Plutarch was a freethinker, notwithstanding his being a priest; but indeed he was a heathen priest. His freethinking appears by showing the innocence of atheism, (which at worst is only false reasoning,) and the mischiefs of superstition; and explains what superstition is, by calling it a conceit of immortal ills after death, the opinion of hell torments, dreadful aspects, doleful groans, and the like. He is likewise very satirical upon the public forms of devotion in his own country (a qualification absolutely necessary to a freethinker) yet those forms which he ridicules, are the very same that now pass for true worship in almost all countries: I am sure some of them do so in ours; such as abject looks, distortions, wry faces, beggarly tones, humiliation, and contrition.
Varro, the most learned among the Romans, was a freethinker; for he said, the heathen divinity contained many fables below the dignity of immortal beings; such, for instance, as Gods BEGOTTEN and PROCEEDING from other Gods. These two words I desire you will particularly remark, because they are the very terms made use of by our priests in their doctrine of the Trinity: He says likewise, that there are many things false in religion, and so say all freethinkers; but then he adds; "which the vulgar ought not to know, but it is expedient they should believe." In this last he indeed discovers the whole secret of a statesman and politician, by denying the vulgar the privilege of freethinking, and here I differ from him. However, it is manifest from hence, that the Trinity was an invention of statesmen and politicians.
[Footnote 26: Marcus Terentius Varro (born B.C. 117) was the friend of Cicero. He was a profound grammarian, historian, and philosopher. The expression Swift applies to him as "the most learned among the Romans" is one by which he is generally called. [T. S.] ]
The grave and wise Cato the censor will for ever live in that noble freethinking saying--"I wonder," said he, "how one of our priests can forbear laughing when he sees another!" (For contempt of priests is another grand characteristic of a freethinker). This shews that Cato understood the whole mystery of the Roman religion "as by law established." I beg you, sir, not to overlook these last words, "religion as by law established." I translate hanisfax, into the general word, priest. Thus I apply the sentence to our priests in England, and, when Dr. Smallridge sees Dr. Atterbury, I wonder how either of them can forbear laughing at the cheat they put upon the people, by making them believe their "religion as by law established."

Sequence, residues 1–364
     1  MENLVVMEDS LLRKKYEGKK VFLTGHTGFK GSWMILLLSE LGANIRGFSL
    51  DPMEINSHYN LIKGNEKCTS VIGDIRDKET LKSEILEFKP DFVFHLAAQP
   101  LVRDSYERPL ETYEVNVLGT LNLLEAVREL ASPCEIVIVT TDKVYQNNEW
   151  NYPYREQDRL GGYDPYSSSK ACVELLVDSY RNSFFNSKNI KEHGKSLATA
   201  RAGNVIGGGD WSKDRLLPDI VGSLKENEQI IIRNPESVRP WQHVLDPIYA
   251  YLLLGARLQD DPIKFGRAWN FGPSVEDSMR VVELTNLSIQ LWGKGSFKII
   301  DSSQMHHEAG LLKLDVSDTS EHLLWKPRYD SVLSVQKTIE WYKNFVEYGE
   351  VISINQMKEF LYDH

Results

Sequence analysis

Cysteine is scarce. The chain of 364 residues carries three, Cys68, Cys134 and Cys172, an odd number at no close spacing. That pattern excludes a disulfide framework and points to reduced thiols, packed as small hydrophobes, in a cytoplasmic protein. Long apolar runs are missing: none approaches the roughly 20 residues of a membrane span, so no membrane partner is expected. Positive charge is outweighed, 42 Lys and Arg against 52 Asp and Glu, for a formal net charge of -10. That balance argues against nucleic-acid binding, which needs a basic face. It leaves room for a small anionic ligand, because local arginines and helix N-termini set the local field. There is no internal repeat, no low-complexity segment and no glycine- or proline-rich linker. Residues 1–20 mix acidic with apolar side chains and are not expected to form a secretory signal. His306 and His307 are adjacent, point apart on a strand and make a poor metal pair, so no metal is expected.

Cicero, that consummate philosopher, and noble patriot, though he was a priest, and consequently more likely to be a knave; gave the greatest proofs of his freethinking. First, he professed the sceptic philosophy, which doubts of everything. Then, he wrote two treatises; in the first, he shews the weakness of the Stoics' arguments for the being of the Gods: In the latter, he has destroyed the whole revealed religion of the Greeks and Romans (for why should not theirs be a revealed religion as well as that of Christ?) Cicero likewise tells us, as his own opinion, that they who study philosophy, do not believe there are any Gods: He denies the immortality of the soul, and says, there can be nothing after death.
[Footnote 27: "De Natura Deomm." [T. S.] ]
And because the priests have the impudence to quote Cicero in their pulpits and pamphlets, against freethinking; I am resolved to disarm them of his authority. You must know, his philosophical works are generally in dialogues, where people are brought in disputing against one another: Now the priests when they see an argument to prove a God, offered perhaps by a Stoic, are such knaves or blockheads, to quote it as if it were Cicero's own; whereas Cicero was so noble a freethinker, that he believed nothing at all of the matter, nor ever shews the least inclination to favour superstition, or the belief of a God, and the immortality of the soul; unless what he throws out sometimes to save himself from danger, in his speeches to the Roman mob; whose religion was, however, much more innocent and less absurd, than that of popery at least: And I could say more--but you understand me.